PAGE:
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ISSN: 0128-7680

Pertanika J. Sci. & Techno\. Supplement 12(2): 113 - 125 (2004) © Universiti Putra Malaysia Press

Precision Grinding of Hard and Brittle Materials

V.C. Venkatesh, S. Izman, S. Sharif, T.T. Mon & M. Konneh


Department of Manufacturing & Industrial Engineering
Faculty of Mechanical Engineering
Universiti Teknologi Malaysia, UTM Skudai, Malaysia
E-mail: venkates@jkm.utm.my

ABSTRAK
Dua teknik baru telah digunakan untuk mengkaji pembentukan jalur mod mulur semasa
mencanai intan (proses utama) ke atas germanium, silicon dan kaca untuk membantu
proses sekunder penggilapan. Dalam teknik pertarna, permukaan aspherik telah dihasilkan
atas Ge dan Si pada kelajuan konvensional (5000 pus per min). Dalam teknik kedua
pula, pencanaian pada kelajuan tinggi (100,000 pus per min) ke atas permukaan rata
kaca dan Si telah dilakukan. Ketepatan bentuk, kemasan permukaan dan jalur mod
mulur dibincangkan dalam kertas keJja ini. Didapati bahawa roda intan ikatan resin
menghasilkan jalur mod mulur lebih banyak berbanding roda intan ikatan logam tetapi
sebaliknya roda yang terkemudian dapat menghasilkan ketepatan bentuk permukaan
yang lebih baik. Permukaan' canaian berlutsinar diperoleh dengan lebih mudah atas
Pyrex berbanding kaca BK7, dengan itu telah dapat menjimatkan masa penggilapan.
Jalur mulur kelihatan dengan banyaknya atas germanium berbanding silikon. Kedua-dua
teknik pencanaian baru ini telah dijalankan atas pusat pemesinan CNC.

ABSTRACf
Two novel techniques were used to study the formation of ductile mode streaks during
diamond grinding (primary process) of germanium, silicon, and glass that aid the
secondary process of polishing. In the first technique asph~ric surfaces were generated
on Ge and Si at conventional speeds (5000 rpm). In the second technique high speed
grinding (100,000 rpm) of plano surfaces on glass and Si surfaces was carried out Form
accuracy, surface finish and ductile mode grinding streaks are discussed in this paper. It
was found that resinoid diamond wheels gave more ductile streaks than metal-bonded
wheels but better form accuracy was obtained with the latter. Transparent ground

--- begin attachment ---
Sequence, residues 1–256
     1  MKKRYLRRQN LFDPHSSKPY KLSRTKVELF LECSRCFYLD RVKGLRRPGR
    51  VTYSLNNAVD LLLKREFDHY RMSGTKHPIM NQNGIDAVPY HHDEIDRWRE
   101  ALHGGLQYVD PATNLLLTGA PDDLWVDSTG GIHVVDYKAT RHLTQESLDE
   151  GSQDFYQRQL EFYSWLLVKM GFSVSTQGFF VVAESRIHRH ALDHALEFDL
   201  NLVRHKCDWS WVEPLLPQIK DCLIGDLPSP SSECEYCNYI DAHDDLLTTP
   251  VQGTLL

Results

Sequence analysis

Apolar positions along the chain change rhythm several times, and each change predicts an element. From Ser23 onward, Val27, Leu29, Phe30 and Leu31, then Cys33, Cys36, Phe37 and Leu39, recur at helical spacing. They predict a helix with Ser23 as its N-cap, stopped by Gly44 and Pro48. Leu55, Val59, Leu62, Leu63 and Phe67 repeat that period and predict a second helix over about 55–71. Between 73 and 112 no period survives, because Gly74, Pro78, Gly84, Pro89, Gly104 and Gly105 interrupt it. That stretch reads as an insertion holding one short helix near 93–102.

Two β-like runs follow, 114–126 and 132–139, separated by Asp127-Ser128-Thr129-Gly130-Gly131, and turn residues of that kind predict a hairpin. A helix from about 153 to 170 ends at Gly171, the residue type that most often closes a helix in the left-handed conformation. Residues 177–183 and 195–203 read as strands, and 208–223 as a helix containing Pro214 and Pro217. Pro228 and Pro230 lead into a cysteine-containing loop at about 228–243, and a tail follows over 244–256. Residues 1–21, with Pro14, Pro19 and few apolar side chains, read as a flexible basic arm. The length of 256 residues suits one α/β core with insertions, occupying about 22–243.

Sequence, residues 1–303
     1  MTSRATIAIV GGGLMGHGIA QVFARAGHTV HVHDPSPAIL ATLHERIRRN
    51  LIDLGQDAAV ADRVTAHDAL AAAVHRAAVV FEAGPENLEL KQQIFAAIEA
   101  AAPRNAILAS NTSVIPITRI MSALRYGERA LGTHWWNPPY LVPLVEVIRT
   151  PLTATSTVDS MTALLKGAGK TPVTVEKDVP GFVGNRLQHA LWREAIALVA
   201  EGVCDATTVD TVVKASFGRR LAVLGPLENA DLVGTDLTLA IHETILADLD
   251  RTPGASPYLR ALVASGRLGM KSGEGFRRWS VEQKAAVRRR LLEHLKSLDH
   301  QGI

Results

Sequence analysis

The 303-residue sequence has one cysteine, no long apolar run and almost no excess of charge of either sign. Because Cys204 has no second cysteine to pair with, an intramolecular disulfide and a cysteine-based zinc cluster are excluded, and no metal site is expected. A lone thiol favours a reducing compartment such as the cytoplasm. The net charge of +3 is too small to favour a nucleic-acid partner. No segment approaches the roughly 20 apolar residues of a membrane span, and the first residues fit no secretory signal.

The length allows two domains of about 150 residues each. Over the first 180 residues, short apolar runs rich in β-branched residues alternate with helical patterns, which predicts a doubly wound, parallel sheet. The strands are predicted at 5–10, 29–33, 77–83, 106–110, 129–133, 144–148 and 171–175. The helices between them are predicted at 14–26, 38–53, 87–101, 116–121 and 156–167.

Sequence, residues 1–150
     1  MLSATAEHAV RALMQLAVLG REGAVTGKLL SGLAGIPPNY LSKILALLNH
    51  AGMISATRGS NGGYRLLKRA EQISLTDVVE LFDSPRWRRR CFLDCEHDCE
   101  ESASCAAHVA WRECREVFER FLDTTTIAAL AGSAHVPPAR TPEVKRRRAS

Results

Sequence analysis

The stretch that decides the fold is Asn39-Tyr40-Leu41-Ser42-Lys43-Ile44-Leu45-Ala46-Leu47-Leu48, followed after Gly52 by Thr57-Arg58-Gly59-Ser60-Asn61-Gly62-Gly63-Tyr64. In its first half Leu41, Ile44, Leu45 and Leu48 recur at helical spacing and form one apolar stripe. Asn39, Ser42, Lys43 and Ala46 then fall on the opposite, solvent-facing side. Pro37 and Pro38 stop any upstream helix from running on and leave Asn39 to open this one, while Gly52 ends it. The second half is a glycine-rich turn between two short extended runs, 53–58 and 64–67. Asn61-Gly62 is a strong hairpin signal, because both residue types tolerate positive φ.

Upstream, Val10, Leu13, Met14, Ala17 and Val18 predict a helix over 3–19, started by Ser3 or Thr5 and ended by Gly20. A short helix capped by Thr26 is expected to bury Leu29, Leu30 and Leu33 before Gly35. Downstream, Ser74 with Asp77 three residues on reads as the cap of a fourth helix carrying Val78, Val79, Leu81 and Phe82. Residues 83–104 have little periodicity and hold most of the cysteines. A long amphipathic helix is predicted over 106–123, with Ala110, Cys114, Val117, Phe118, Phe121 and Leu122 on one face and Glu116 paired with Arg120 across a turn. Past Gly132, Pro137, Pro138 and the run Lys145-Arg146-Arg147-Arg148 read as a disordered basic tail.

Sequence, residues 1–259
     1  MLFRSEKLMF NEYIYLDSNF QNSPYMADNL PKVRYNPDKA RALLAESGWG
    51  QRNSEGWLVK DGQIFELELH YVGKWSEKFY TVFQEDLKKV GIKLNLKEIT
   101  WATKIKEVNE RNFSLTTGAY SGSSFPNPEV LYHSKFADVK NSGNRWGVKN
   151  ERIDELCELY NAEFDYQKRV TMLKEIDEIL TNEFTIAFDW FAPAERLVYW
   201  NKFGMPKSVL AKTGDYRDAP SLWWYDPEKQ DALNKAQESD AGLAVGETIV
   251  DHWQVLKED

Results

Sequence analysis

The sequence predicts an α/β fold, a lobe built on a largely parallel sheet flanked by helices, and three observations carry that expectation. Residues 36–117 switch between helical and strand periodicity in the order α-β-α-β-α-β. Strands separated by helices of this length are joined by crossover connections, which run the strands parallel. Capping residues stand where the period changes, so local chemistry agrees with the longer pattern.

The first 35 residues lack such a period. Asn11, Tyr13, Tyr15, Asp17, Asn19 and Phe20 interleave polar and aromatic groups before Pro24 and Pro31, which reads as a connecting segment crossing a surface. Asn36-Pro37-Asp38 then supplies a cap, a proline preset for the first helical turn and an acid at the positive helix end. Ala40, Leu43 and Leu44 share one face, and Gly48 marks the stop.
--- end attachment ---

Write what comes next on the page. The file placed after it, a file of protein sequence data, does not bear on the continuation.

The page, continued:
surfaces were obtained more easily with Pyrex rather than with BK 7 glass, thus
necessitating very little time for polishing. Ductile streaks appeared in abundance on
germanium rather than silicon. Both the novel grinding techniques were used on CNC
machining centres.

Keywords: Grinding, diamond wheel, ductile streaks, polishing, Ge, Si and Glass, surface
f"mish and fonn

INTRODUCTION
Silicon, germanium and glass have become strategic materials that are widely used to
'fabricate intricate components in microelectronics in the optical industry, and recently
for micro-electro-mechanical systems (Hung and Fu 2000). However, these materials
pose particular problems in creating precision surfaces due to their extreme hardness
and brittle nature. Machining of these materials can result in surface alterations
including rough surface, cracks, subsurface damage and residual stresses, which later can
commonly be finished by lapping and/or polishing to meet high shape accuracy and low
surface roughness requirements. In some instances, machining on these materials also
becomes uneconomical due to short tool life and low material removal rate (Tonshoff
et aL 1998).
V.C. Venkatesh, S. Izman, S. Sharif, T.T. Mon & M. Konneh

Recent advances in manufacturing technology make it possible for brittle materials


to be machined in ductile manner. According to fracture mechanics theory, brittle
materials can be removed by the action of plastic flow, as in the case of metal, leaving
crack-free surfaces when the removal process is performed at less than critical depth of
cut (Blake 1988; Blackley and Scattergood 1991). Critical depth of cut concept was
further investigated by other researchers such as Fang and Venkatesh (1998), Fang and
Chen (2000), Van et aL (2001) on various brittle materials. This concept has been found
to work well when machining hard and brittle materials using single point diamond tool
on a rigid ultraprecision machine. It has been reported that fully ductile mode surfaces
with nanometric finish are possible when using this kind of machine but at the expense
of time and cost as the feed rate and depth of cut used are very fine. Bulk material
removal is hardly possible using ultraprecision machines; therefore this process becomes
less favourable for generating complex surfaces. As such, grinding process continues to